Favoring pre-decrement/increment over post decrement/increment
operators is a good habit for C programmers who must also
write C++ programs. Otherwise, it is a matter of style.

> A modern compiler wouldn’t make the optimization, so
>
> i++;
>
> and
>
> ++i;
>
> would give the same instructions?


Yes.

> b) I find that realloc() calls sometimes take more time to complete
> than malloc() calls. Is this the general case?


Typically, the difference is hard to measure except in contrived cases.

> c) Why do some people declare all the variables
> at the start of each function? And I mean *all* variables
> including those that are nested in deep for's and ifs...
> I don’t see any obvious performance gains -
> unless they do it to remember what they are using...


1. Some C programs are translations of Fortran programs.
2. Some C programs are written by Fortran programmers.
3. Early versions of C (before C 89) required this
according to Brian W. Kernighan and Dennis M. Ritchie
in "The C Programming Language",
Chapter 1: A Tutorial Introduction,
Section 2: Variables and Arithmetic, page 8:
"In C, /all/ variables must be declared before use, usually
at the beginning of a function before any executable statements."





 
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Mark McIntyre
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      01-29-2004
On Thu, 29 Jan 2004 23:45:25 +0200, in comp.lang.c , Papadopoulos
Giannis <(E-Mail Removed)> wrote:

>a) pre vs post increment/decrement
>
>I have read somewhere that:
>
>“Prefer pre-increment and -decrement to postfix operators.


Yes, this is an old chestnut. I can find nothing to support it
nowadays, tho ICBW.
>i++;
>and
>++i;
>would give the same instructions?


AFAIK yes. Try it and see.

>b) I find that realloc() calls sometimes take more time to complete than
>malloc() calls. Is this the general case?


The standard doesn't say.

>c) Why do some people declare all the variables at the start of each
>function?


Until C99, you pretty much had to do it like that. Plus many people
consider it a good idea to keep your declarations in one place for
easier reference. Spraying declarations around through the body of
your code makes it a lot harder to follow.

> And I mean ALL variables, including those that are nested in
>deep fors and ifs...


I agree, this is often a bad idea.

>I don’t see any obvious performance gains


Again, C doesn't say.

> unless they do it to remember what they are using...


Which may be a performance gain in itself of course

--
Mark McIntyre
CLC FAQ <http://www.eskimo.com/~scs/C-faq/top.html>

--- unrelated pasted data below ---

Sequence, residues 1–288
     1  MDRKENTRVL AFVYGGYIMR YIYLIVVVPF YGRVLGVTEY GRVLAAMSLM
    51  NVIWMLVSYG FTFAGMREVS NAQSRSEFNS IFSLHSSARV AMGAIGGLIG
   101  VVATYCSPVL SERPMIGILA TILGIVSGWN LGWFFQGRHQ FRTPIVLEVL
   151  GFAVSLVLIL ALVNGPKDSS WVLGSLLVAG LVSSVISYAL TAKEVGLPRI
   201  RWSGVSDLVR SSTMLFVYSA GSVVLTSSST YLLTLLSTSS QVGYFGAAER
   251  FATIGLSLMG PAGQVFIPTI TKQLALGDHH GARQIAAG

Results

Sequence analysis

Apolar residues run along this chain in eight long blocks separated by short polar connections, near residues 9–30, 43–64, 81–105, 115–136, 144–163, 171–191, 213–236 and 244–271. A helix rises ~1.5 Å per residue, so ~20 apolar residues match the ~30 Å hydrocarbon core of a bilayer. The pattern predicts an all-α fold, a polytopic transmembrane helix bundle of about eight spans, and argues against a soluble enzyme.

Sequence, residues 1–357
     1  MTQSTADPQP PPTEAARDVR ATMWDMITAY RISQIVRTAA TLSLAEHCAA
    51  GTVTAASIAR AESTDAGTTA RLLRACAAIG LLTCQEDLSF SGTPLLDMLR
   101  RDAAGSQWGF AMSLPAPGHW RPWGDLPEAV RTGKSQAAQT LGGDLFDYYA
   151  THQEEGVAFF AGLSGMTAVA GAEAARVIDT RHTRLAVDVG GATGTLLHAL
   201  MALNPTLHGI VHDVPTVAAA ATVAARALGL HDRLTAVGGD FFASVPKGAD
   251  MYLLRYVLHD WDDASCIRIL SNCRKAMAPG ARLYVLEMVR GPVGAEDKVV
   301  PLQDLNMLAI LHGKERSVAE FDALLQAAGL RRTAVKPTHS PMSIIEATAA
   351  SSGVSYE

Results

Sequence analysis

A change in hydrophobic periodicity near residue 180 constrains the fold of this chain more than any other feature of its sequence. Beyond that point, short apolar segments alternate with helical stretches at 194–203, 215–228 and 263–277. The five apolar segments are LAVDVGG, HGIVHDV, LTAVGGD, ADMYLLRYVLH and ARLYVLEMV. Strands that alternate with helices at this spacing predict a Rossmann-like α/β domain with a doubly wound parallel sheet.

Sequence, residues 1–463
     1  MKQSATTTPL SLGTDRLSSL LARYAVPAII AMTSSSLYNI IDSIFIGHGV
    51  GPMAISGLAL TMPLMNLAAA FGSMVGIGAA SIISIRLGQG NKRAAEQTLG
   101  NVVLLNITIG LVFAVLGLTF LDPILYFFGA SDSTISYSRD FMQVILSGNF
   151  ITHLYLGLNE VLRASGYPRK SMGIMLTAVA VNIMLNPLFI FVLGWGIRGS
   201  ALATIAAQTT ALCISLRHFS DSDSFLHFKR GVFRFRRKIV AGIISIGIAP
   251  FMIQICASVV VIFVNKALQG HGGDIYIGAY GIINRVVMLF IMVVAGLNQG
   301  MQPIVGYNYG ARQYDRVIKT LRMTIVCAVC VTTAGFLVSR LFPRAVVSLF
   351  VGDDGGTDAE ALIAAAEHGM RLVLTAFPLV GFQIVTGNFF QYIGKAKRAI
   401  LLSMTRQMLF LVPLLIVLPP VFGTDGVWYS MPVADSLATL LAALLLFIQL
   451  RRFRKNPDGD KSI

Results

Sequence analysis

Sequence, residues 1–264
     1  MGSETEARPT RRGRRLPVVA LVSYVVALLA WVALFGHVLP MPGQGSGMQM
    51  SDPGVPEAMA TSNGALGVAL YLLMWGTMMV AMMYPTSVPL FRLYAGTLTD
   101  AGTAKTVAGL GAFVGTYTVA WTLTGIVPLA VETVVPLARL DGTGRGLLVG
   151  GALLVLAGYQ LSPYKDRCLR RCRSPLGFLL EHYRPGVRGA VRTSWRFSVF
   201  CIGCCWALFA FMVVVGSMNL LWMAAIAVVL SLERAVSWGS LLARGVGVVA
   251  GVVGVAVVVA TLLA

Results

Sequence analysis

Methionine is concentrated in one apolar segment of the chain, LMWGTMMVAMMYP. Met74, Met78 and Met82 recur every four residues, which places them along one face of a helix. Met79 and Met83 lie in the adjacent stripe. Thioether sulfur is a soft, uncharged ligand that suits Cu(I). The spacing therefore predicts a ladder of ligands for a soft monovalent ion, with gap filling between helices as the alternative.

CLC readme: <http://www.angelfire.com/ms3/bchambless0/welcome_to_clc.html>


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Nick Landsberg
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      01-29-2004


Christian Bau wrote:
> In article <bvbuvg$2pub$(E-Mail Removed)>,
> Papadopoulos Giannis <(E-Mail Removed)> wrote:
>
>
>>a) pre vs post increment/decrement
>>
>>I have read somewhere that:
>>
>>³Prefer pre-increment and -decrement to postfix operators. Postfix
>>operators (i++) copy the existing value to a temporary object, increment
>>the internal value, and then return the temporary. Prefix operators
>>(++i) increment the value and return a reference to it. With objects
>>such as iterators, creating temporary copies is expensive compared to
>>built-in ints.²

>
>
> I bet you didn't read that in a book about C.


This actually depends on the underlying chip architecture,
which is probably off-topic here.

>
>
>>b) I find that realloc() calls sometimes take more time to complete than
>>malloc() calls. Is this the general case?

>
>
>>c) Why do some people declare all the variables at the start of each
>>function? And I mean ALL variables, including those that are nested in
>>deep fors and ifs... I don¹t see any obvious performance gains - unless
>>they do it to remember what they are using...

>
>
> You worry too much about performance, and you worry too much about the
> wrong kind of performance. First try to write code that is bug-free and
> readable. That is the most important thing.


AMEN!

>
> If there is need to make your code faster: First measure. Get yourself a

^^^^
The key word is "need". What are the performance requirements? You
mean you didn't get any from the customer? Shame on you! This will
tell you how fast if MUST be in order to be acceptable.